Going through the data there are some simple but fairly stark patterns that emerge. First off, a lot of the specimens are more or less complete and more or less articulated. That’s perhaps no big surprise – the Solnhofen waters are famously fairly anoxic and still, which is why we so often get lots of very well preserved specimens, even including fragile things like pterosaurs as well as soft tissues being retained. Still, it does highlight the general situation at play and that’s also importantly because pterosaurs were generally pretty pneumatic and less dense than many other vertebrates. That would imply that they could potentially float for a long time before sinking which would allow for lots of bits to come off and go missing. That this is generally fairly rare suggests that these effects were pretty limited. When we do see loss of articulation we also see loss of the elements, so decay when it did occur was likely mostly in the floating phase, and that things did not tend to fall apart much once the specimen had settled or we would see lower articulation with higher completeness. In short, there wasn’t much going on at the bottom, likely due to both low currents and limited bioturbation.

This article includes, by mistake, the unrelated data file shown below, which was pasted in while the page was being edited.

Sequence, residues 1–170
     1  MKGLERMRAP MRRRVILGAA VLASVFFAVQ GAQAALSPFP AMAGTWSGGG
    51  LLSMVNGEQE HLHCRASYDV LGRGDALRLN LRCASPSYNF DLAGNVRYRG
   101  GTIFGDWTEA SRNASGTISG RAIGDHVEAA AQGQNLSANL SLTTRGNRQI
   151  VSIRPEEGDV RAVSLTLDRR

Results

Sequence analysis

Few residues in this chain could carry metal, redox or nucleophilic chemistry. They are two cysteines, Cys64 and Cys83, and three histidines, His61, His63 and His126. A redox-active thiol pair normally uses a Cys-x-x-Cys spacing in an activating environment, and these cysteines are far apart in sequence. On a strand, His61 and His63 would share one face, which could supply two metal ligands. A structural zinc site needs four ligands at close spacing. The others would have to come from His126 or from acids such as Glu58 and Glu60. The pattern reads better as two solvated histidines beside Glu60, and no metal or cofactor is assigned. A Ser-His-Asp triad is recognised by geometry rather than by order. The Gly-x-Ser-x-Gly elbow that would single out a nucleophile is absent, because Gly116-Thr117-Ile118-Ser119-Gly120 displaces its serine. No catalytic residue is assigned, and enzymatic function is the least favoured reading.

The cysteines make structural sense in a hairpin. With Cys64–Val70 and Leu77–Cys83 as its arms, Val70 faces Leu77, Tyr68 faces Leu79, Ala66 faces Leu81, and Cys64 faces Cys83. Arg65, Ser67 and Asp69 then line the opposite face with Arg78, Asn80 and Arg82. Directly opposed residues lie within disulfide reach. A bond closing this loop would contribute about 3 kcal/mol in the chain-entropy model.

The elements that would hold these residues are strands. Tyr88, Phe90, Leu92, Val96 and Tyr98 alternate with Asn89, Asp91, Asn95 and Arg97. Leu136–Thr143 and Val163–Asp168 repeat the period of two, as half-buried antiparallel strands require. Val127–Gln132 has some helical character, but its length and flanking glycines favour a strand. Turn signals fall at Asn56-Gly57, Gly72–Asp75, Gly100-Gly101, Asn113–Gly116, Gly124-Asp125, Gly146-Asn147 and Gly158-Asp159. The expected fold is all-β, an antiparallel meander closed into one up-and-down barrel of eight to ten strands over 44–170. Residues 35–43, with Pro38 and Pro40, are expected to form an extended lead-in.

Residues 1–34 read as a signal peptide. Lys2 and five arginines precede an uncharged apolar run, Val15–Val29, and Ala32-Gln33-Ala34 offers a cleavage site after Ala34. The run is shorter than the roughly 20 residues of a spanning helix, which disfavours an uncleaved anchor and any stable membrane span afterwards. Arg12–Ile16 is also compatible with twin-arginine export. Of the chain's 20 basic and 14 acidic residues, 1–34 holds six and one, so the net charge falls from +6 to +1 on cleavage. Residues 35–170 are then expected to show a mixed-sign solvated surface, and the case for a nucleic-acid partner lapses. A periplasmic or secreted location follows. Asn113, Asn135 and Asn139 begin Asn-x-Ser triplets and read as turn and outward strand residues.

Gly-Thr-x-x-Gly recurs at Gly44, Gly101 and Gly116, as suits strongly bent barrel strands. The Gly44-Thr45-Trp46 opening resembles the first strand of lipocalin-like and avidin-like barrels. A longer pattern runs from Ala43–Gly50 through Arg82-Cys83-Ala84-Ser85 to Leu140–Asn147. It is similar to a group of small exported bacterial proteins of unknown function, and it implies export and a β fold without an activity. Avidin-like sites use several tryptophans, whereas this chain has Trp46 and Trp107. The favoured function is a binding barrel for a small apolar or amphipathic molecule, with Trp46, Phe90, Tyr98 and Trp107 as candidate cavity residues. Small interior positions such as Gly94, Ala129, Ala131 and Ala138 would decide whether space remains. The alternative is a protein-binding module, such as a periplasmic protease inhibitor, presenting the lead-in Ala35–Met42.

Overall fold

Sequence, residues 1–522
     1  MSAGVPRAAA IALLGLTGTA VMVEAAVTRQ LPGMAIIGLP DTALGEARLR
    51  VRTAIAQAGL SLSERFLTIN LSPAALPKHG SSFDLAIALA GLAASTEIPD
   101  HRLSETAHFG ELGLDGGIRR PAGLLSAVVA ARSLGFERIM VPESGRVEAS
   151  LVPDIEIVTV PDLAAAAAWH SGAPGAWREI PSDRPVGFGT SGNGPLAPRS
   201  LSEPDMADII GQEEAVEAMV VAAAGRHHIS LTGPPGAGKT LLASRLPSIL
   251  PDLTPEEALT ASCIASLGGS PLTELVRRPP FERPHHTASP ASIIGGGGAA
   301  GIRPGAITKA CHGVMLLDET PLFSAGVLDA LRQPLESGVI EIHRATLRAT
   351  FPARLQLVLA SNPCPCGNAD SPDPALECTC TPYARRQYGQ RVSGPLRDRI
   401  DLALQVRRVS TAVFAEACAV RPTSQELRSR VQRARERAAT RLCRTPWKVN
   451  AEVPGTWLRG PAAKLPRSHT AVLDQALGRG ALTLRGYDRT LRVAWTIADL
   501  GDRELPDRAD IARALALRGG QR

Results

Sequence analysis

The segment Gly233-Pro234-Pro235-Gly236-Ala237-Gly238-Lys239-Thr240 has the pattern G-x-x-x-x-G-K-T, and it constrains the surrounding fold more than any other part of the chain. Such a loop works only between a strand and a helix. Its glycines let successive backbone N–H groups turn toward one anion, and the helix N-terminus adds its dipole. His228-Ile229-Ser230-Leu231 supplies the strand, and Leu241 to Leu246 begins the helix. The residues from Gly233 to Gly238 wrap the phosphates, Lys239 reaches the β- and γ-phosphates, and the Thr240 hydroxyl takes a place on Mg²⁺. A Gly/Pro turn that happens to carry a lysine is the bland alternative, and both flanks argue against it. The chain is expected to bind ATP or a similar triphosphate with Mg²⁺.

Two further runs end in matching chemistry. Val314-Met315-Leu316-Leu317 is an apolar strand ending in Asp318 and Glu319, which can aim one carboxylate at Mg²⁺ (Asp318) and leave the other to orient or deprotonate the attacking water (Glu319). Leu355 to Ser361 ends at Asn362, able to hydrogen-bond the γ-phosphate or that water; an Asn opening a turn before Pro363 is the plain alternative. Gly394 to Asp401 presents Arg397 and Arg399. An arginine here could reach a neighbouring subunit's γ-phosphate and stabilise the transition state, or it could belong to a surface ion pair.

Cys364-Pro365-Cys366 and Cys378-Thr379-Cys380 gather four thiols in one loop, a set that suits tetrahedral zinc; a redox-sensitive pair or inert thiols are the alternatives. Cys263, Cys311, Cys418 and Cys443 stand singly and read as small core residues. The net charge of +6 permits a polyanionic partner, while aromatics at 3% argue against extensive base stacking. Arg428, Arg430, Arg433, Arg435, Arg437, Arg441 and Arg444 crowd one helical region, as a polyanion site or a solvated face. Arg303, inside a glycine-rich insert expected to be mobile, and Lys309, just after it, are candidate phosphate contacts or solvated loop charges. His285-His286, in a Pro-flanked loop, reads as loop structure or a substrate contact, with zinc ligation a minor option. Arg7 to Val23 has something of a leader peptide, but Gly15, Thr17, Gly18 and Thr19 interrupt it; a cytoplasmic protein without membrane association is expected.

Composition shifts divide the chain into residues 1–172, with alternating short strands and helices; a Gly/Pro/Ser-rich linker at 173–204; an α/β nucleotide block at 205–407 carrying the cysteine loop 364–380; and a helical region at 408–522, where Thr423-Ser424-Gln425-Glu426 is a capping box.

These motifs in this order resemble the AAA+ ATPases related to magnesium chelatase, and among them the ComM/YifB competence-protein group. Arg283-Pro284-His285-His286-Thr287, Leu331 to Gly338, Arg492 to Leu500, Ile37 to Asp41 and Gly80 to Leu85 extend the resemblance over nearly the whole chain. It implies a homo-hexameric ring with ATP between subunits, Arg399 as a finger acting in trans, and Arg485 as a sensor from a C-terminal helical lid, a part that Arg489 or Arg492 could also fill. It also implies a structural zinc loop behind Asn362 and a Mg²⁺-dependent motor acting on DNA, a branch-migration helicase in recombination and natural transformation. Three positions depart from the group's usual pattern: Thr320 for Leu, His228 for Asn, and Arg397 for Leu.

Generally, Pterodactylus specimens are less complete than Rhamphorhynchus which may point to them floating for longer (since they are more pneumatic) allowing things to be lost, but could also point to greater transport to sites before sinking and burial. There are also far fewer specimens of Pterodactylus available so this may be a result of the limited data exaggerating the differences a little.